Not Voluntary

The President’s benefit cuts apply regardless of whether or not you opted to have a private account.

The cuts in scheduled benefits that are termed “progressive price indexing” apply to beneficiaries regardless of whether or not they opt to have a private account. In addition, people who choose to have a private account are subject to a second cut in their guaranteed benefits in order to pay for it. The President attempted to underplay the nature of the cuts that would apply to everyone, saying “Americans who choose not to save in a personal account will still be able to count on a Social Security check equal or higher than the benefits of today’s seniors.” This is a misleading statement because under the current rules, the benefits of future retirees are already scheduled to be much higher than benefits of today’s seniors due to wage indexing as explained above. Even if your initial benefit was subject entirely to price indexing (which would be a drastic cut compared to scheduled benefits under current law) you would have a greater benefit in nominal dollars (not adjusted for inflation) than today’s seniors.

Not Necessary

The President’s Social Security benefit cuts are worse for many people than they would be if Congress took no action at all.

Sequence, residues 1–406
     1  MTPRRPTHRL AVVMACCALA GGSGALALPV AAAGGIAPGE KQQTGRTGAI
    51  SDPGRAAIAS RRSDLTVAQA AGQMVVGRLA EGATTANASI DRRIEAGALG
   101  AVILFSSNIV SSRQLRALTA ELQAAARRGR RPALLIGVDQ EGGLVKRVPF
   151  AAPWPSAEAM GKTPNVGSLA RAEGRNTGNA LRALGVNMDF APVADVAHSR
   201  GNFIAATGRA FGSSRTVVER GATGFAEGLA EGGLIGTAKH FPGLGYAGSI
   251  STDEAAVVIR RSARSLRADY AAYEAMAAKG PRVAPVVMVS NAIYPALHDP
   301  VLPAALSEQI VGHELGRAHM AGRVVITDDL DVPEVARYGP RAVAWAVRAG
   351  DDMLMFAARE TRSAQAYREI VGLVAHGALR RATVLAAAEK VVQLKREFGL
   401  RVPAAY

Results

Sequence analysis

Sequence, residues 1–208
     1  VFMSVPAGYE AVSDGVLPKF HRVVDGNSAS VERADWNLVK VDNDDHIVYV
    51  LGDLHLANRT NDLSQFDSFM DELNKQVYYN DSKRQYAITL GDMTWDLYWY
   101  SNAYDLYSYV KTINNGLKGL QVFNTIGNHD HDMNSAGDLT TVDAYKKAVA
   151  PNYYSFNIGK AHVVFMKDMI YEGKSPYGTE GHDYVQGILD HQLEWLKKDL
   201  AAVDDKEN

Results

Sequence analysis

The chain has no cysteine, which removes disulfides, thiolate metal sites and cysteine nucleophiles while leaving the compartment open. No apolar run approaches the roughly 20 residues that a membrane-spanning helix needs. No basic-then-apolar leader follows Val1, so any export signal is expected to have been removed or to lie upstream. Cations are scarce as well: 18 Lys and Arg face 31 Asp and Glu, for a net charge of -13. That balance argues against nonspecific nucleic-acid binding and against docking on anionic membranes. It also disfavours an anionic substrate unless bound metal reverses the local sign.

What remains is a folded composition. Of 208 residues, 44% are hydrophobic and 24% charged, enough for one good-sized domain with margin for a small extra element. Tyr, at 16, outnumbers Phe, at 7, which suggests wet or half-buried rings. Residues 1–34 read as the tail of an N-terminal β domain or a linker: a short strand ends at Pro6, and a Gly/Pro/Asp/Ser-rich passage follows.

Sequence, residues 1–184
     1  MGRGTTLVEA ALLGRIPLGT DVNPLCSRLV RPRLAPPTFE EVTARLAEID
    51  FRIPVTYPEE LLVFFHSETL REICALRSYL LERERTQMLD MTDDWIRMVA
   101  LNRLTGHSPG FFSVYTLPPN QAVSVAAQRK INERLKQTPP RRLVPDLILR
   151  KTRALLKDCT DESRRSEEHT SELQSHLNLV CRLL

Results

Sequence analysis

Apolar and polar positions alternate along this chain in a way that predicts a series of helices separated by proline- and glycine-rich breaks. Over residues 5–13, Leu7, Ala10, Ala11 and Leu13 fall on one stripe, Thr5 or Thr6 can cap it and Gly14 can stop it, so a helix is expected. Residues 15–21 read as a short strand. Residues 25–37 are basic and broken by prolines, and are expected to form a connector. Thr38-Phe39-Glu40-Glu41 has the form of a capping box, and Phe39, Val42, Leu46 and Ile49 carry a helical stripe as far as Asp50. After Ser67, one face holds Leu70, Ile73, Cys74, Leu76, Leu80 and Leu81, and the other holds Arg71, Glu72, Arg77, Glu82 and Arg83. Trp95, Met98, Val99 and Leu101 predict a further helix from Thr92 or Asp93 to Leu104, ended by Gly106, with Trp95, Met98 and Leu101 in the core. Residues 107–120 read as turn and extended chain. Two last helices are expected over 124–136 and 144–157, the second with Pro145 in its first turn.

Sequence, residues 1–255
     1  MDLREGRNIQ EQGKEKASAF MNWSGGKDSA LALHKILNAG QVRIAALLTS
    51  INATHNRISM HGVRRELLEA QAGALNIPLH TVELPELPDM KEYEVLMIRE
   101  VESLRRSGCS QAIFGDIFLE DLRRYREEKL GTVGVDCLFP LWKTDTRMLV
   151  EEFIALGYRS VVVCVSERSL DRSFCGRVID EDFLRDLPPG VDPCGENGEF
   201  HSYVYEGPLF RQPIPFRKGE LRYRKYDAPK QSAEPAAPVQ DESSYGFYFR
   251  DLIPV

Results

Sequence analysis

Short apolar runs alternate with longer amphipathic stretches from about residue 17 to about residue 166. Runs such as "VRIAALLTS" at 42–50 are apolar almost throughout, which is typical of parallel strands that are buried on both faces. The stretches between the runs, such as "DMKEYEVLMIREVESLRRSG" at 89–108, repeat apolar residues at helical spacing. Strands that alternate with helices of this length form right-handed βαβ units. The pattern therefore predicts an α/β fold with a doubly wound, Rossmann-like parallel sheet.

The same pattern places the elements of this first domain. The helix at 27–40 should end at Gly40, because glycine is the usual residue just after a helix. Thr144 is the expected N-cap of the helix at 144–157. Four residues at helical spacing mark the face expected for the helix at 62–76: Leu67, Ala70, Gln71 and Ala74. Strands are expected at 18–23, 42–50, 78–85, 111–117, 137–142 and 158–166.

Social Security benefits are scheduled to rise to keep up with our living standards. However, the Social Security trustees have projected a shortfall that will result in the program being able to pay only 74 percent of scheduled benefits in 2041. Because of the scheduled increases (known as wage indexing, as explained above) even these reduced benefits will be greater than what people receive today. The Congressional Budget Office, using assumptions more consistent with economic history, has projected this shortfall to occur in 2052. We cannot be at all certain of economic projections so far into the future. But no matter what size the funding gap is, there is no reason we should rely solely on benefit cuts to close it. President Bush wants to rely on benefit cuts alone to close the projected shortfall, instead of using a mix of revenue measures and benefits changes, as did the 1983 Social Security reforms led by Alan Greenspan. As a result, the President’s plan requires many workers to have even lower benefits than they would receive under the current rules if we made no changes whatsoever.

The Bottom Line

The Coalition on Human Needs supports policies that prevent poverty in old age and poverty caused by the disability or death of a breadwinner. Cutting Social Security for anyone who makes over $20,000 and diverting funds into risky private accounts is not such a policy. The President is proposing drastic changes that would endanger retirement security for people of relatively modest means. These changes, if enacted, would not be voluntary, progressive, or necessary.